Santa Barbara City College officials pulled the plug on an Adult Education series focusing on growth and urban planning scheduled to begin this January the day after the series had been hammered in the first of two Santa Barbara News-Press editorials as unbalanced. “I was not shocked, but I was very disappointed,” said Pat Saley, who would have moderated the six-week program, titled Common Ground. The series was designed to explore the extent to which South Coast developers, environmentalists, and affordable housing activists could agree on the area’s future. City College President John Romo said it was an “unfortunate coincidence” the series was cancelled the day the editorial ran. “We’re not afraid of controversy; we’ve been through controversy. I know controversy,” he said, adding that he dispatched SBCC Vice President Pablo Buckelew to look into the allegations leveled in the October 15 editorial. Buckelew, Romo relayed, concluded that the program was not sufficiently balanced to meet the standards required of Adult Ed curricula. “These are all good people, but they have an agenda,” Romo said. “And their panelists appeared to us to advance that agenda”-that agenda being to limit new development to urban in-fill rather than allowing sprawl. “There was no one on the panel with a different perspective,” Romo said.
Common Ground organizer Saley said she’d secured several prominent slow-growthers and neighborhood activists to sit on the panel discussions. She added that she’d invited two of the most outspoken on the South Coast-Gary Earle and Judith Ishkanian of the Homeowners Defense Fund-to participate in the panels, but they had declined. “This was so skewed that I wasn’t going to legitimize it by putting my name on it,” Earle said, noting that he would have been the only slow-growther on a panel of four. Romo said he was not aware that these two had been invited. But it was too late, he said, because the deadline for publishing the winter’s Adult Ed schedule was last Wednesday, and there was no more time to juggle the speakers’ roster.
Common Ground supporters say they’re infuriated and crushed, as they thought they’d achieved a significant breakthrough on critical public policy issues perpetually hamstrung by sterile posturing and reflexive confrontation. They find especially galling that it was squelched by an academic institution at the apparent instigation of the News-Press. Common Ground started last year after the defeat of Measure D, the sales tax surcharge proposed to fund a variety of road improvement and transportation projects. Believing that transportation could not be looked at in isolation, 1st District Supervisor Salud Carbajal gathered developers, old-school slow-growth environmentalists, new urbanists, save-the-coast tree-huggers, good-government types, and affordable housing advocates. After monthly meetings, the group agreed that housing, open space, and transportation (HOT) should be regarded as integral parts of the same package.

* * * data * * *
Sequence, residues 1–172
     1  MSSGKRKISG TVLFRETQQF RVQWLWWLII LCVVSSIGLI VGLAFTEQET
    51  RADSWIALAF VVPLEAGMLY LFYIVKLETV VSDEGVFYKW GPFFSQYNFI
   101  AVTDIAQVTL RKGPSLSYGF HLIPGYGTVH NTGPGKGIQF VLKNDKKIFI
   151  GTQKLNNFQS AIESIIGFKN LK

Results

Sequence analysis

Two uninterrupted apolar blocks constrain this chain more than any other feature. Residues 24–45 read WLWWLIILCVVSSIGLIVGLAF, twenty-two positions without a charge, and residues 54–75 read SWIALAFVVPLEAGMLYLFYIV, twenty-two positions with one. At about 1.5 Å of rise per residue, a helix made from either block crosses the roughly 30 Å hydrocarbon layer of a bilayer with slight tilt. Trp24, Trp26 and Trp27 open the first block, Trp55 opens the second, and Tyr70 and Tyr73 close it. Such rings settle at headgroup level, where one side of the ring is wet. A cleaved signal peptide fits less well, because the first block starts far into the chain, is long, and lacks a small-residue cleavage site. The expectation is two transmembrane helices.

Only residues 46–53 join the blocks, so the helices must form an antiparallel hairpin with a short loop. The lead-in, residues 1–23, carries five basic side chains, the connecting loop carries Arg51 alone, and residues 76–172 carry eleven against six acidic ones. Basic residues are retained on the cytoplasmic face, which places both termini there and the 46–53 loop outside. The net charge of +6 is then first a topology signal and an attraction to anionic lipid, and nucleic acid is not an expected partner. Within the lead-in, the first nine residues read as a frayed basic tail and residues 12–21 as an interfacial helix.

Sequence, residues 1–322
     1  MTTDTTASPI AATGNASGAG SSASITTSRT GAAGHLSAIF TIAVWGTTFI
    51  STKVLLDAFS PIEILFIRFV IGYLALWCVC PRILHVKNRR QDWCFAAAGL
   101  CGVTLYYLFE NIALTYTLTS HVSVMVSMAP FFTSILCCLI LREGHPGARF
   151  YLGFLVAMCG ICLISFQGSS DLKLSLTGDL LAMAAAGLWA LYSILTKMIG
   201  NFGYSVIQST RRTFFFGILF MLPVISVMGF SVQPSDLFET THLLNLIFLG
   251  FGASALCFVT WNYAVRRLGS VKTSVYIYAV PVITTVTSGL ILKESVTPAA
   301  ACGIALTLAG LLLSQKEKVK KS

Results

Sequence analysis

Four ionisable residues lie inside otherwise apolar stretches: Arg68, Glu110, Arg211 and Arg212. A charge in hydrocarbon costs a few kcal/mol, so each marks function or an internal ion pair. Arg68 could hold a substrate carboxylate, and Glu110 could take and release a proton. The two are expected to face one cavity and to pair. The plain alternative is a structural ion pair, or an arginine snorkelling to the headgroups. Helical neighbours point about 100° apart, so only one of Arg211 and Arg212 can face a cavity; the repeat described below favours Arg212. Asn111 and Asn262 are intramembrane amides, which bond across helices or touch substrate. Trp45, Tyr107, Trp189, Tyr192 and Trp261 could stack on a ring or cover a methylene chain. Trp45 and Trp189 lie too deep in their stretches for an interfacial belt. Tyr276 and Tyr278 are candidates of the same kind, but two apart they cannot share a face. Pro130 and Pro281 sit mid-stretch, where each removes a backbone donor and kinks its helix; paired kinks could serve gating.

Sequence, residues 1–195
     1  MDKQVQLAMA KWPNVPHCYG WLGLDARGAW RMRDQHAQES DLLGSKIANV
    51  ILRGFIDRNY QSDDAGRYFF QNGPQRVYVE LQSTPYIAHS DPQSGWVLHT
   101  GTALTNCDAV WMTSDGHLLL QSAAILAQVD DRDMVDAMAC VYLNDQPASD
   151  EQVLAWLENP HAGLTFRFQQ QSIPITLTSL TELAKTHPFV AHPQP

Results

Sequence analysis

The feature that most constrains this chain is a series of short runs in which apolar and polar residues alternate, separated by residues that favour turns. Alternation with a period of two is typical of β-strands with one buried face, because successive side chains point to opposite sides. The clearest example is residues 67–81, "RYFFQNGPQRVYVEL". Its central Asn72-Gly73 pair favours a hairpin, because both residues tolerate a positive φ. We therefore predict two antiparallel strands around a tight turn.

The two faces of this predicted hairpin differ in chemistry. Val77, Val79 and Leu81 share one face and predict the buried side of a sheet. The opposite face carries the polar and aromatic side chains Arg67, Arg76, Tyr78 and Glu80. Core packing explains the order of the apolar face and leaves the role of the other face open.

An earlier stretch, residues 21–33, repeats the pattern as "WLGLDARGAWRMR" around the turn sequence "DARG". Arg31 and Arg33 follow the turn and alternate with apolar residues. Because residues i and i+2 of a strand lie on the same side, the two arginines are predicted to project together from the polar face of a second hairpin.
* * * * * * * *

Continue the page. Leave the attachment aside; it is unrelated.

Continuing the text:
Notably missing from Common Ground’s stakeholder group, however, were any hardcore neighborhood activists who sue to raise hell about any projects proposed near their homes. Even so, Saley said, there were spirited disagreements-and compromises-between developers and environmentalists. Once they reached consensus, the group wanted to take their show on the road in the form of an Adult Ed series. The featured speakers were to include housing specialists, the sociologist who co-authored Santa Barbara’s ’70s slow-growth manifesto Limits to Growth, and developer Mike Towbes.
City College’s announcement jettisoning the series may have come as a shock, but it was not the first time that campus officials had expressed their concern that speaker panels might represent too narrow a spectrum. Saley, however, thought she had addressed those concerns. The fallout from the cancelled series could be felt at all levels of government. Santa Barbara City Councilmember Grant House-while discussing an entirely different matter on the council dais-spontaneously expressed both his disappointment and anger over the cancelled series. “It just makes my blood boil,” House said. “It really upsets me.”